Somnambulism

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SOMNAMBULISM, med. juris. Sleep walking.
     2. This is sometimes an inferior species of insanity, the patient being unconscious of what he is doing. A case is mentioned of a monk who was remarkable for simplicity, candor and probity, while awake, but who during his sleep in the night, would steal, rob, and even plunder the dead. Another case is related of a pious clergyman, who during his sleep, would plunder even his own church. And a case occurred in Maine, where the somnambulist attempted to hang himself, but fortunately tied the rope to his feet, instead of his neck. Ray. Med. Jur. Sec. 294.
     3. It is evident, that if an act should be done by a sleep walker, while totally unconscious of his act, he would not be liable to punishment, because the intention (q.v.) and will (q.v.) would be wanting. Take, for example, the following singular case: A monk late one evening, in the presence of the prior of the convent, while in a state of somnambulism, entered the room of the prior, his eyes open but fixed, his features contracted into a frown, and with a knife in his hand. He walked straight up to the bed, as if to ascertain if the prior were there, and then gave three stabs, which penetrated the bed clothes, and a mat which served for the purpose of a mattress; he returned. with an air of satisfaction, and his features relaxed. On being questioned the next day by the prior as to what he had dreamed the preceding night, the monk confessed he had dreamed that his mother had been murdered by the prior, and that her spirit had appeared to him and cried for vengeance, that he was transported with fury at the sight, and ran directly to stab the assassin; that shortly after be awoke covered with perspiration, and rejoiced to find it was only a dream. Georget, Des Maladies Mentales, 127.
     4. A similar case occurred in England, in the last century. Two persons, who had been hunting in the day, slept together at night; one of them was renewing the chase in his dream, and, imagining himself present at the death of the stag, cried out aloud, "I'll kill him! I'll kill him!" The other, awakened by the noise, got out of bed, and, by the light of the moon, saw the sleeper give several deadly stabs, with a knife, on the part of the bed his companion had just quitted. Harvey's Meditations on the Night, note 35; Guy, Med. Jur. 265.

A Law Dictionary, Adapted to the Constitution and Laws of the United States. By John Bouvier. Published 1856.
References in periodicals archive ?
Nic Cage walks through this like a somnambulist, while Julianne Moore looks as if she's about to burst into tears
The same year that she finished "Flowering Judas," she wrote the poem "Night-Blooming Cereus," in which "Upborne by savage dark thorns the paper-lace dramatic flower/Spins in the winds, a dancing somnambulist." How much more difficult the image becomes here, how much more tortured the poetic devices ("flower" is later prosaically rhymed with "hour," "somnambulist" hyperbolically with the "great fist/of blackness ...").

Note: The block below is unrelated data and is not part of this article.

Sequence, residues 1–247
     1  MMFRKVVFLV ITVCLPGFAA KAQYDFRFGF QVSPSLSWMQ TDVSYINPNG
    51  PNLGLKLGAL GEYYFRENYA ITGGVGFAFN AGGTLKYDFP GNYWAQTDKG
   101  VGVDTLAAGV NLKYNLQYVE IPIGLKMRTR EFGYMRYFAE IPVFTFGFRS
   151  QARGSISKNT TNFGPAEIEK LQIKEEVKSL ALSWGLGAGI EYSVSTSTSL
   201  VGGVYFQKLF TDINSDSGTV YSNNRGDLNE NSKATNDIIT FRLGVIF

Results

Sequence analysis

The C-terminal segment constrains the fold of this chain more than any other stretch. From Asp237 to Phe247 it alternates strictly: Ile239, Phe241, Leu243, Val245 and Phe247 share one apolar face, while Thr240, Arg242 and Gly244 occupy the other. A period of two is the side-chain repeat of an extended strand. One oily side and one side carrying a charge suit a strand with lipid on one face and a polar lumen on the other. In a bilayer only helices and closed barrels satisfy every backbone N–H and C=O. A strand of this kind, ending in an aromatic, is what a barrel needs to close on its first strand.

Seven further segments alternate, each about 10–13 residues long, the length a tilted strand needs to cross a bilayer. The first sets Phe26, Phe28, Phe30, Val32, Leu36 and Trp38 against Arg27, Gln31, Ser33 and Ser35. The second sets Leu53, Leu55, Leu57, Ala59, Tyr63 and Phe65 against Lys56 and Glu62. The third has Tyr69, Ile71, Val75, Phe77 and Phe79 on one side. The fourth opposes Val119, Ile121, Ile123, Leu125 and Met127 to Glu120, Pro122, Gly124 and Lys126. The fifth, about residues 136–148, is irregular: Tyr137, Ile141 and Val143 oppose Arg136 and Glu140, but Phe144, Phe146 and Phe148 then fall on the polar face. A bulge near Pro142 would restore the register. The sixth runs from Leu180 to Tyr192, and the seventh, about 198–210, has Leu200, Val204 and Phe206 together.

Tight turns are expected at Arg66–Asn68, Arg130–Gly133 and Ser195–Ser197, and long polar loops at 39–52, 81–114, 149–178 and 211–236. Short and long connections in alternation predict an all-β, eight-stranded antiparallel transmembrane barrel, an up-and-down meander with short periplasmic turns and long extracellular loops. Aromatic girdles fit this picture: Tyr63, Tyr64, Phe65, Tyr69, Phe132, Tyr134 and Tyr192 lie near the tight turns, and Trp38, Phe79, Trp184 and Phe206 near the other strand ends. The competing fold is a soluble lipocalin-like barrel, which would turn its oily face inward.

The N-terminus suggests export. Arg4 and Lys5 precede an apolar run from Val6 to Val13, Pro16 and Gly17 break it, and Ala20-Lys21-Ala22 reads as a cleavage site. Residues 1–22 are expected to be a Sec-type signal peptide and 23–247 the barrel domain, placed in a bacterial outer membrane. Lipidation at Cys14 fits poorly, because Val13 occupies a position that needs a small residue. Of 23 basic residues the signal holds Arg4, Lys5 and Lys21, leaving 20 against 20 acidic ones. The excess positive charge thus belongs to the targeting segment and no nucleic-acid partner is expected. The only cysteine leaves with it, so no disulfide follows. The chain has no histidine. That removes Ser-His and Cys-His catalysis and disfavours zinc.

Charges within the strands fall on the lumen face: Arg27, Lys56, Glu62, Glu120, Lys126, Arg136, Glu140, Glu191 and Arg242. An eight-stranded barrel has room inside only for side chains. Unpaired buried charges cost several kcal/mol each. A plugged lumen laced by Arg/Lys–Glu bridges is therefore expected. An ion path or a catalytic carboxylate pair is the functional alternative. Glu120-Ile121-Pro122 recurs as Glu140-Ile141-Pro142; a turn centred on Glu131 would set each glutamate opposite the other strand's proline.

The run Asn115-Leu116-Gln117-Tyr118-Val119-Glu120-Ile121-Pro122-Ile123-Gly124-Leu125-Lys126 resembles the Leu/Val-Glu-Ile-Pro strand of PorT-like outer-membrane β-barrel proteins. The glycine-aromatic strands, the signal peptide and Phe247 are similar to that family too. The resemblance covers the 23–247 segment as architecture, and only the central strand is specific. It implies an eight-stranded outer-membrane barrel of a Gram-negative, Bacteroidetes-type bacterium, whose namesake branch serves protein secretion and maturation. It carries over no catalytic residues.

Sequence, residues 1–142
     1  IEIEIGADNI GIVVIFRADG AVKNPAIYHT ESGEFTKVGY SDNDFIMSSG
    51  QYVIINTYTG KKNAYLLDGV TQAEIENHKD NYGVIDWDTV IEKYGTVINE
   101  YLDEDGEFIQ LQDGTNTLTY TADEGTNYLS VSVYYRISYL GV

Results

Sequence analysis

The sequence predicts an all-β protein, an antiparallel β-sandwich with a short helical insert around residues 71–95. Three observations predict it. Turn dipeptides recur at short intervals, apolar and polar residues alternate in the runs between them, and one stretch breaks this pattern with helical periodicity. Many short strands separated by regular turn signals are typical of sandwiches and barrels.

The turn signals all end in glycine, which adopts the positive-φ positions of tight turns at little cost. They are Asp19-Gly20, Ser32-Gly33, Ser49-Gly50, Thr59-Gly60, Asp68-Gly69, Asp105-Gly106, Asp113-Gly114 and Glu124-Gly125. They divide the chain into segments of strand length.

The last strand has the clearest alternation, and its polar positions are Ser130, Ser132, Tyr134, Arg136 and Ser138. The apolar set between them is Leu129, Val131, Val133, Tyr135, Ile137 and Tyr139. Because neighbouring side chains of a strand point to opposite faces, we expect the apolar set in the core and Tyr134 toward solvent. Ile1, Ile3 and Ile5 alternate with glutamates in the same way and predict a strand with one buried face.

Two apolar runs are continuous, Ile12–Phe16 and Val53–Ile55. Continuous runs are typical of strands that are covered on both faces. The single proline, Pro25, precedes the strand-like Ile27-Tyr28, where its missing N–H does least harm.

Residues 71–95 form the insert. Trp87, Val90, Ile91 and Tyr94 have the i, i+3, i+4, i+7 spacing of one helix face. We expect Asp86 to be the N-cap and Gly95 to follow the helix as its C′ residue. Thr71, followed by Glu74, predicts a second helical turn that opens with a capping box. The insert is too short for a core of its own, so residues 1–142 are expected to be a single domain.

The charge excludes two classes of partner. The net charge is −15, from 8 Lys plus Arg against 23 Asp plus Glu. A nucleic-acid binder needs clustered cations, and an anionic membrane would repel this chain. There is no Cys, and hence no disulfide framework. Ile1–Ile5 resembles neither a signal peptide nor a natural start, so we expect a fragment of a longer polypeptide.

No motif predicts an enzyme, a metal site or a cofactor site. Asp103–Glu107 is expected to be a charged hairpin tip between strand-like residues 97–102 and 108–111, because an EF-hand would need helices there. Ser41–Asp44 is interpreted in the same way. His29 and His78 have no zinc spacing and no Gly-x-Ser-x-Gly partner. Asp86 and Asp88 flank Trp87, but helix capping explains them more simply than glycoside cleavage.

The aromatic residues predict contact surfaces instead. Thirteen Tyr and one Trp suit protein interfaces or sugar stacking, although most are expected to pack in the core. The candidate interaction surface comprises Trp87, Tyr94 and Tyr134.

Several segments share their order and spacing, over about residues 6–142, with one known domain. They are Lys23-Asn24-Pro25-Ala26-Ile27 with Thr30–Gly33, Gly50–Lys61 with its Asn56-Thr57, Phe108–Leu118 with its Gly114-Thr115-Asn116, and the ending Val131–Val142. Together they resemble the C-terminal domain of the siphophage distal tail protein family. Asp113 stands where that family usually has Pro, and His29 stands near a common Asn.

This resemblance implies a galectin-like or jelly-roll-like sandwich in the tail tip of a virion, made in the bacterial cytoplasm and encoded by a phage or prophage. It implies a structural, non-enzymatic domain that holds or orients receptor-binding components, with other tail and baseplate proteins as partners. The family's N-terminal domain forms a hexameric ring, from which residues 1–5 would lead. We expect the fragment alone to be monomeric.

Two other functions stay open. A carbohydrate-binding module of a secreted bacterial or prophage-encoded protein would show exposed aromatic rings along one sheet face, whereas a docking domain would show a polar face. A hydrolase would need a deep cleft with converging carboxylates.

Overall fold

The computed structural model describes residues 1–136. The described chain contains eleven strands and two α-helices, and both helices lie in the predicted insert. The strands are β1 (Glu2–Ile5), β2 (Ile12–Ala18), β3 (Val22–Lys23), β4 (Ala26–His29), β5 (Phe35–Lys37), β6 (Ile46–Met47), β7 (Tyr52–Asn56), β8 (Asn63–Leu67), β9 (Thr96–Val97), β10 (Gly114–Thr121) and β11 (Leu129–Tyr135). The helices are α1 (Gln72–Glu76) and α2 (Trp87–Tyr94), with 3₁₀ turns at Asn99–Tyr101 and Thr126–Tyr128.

As Joe, Michel Bell sails through "Ol' Man River" with enough volume to be heard on the Mississippi Delta, but he moves like a somnambulist, a basso trying too hard to be profundo.
This was followed by Sylvester Sound the Somnambulist, a comic novel, his second most popular work.
Volitions enter into Moore's discussion of a putative problem about somnambulist behavior (and the like),(54) which we touched on under actus rei above.
He soon learns that this man, Clithero Edny, a servant at Inglefield's nearby farm, is both a foreigner and a somnambulist. Suspicious that Edny has murdered Waldegrave, Huntly keeps him under surveillance for a few days, determined to accost him, yet hesitating.
A serious painter works all the time, like a somnambulist. It is about arranging your life in order to have enough time to work.
Caligari (Daamen Krall), a sideshow charlatan, and Cesare (Doug Jones), a homicidal somnambulist. "Appears," that is, because, as in the original, the "surprise ending" reveals the nominal hero really is a patient in an insane asylum, and his narrative nothing more than a paranoid fantasy.
A chap who drove his BMW across a dual carriageway and into a tree was found not guilty of motoring offences because he pleaded a somnambulist defence.
The film repeatedly gives the audience clues as to the liminal nature of its reality, but the power of the film rests on its ability to portray the unconscious world as activist-oriented, by contrast especially to the somnambulist alienation which characterizes Ed Norton's "real" job and lifestyle.
While Antonia was still alive Krespel had told the narrator that the violin, which he calls "this dead thing [dies tote Ding]," gets its life and voice from him--actually, he says he himself first gave it life and voice, as if he were the creator God--and, though apparently inanimate and dumb, the violin acts as if it were animated: it speaks often by itself to him in a wonderful way, like a somnambulist who reveals her inner visions, imparting them in words [sie selbstattig ihre innere Anschauung in Worten verkundet] (175; 38).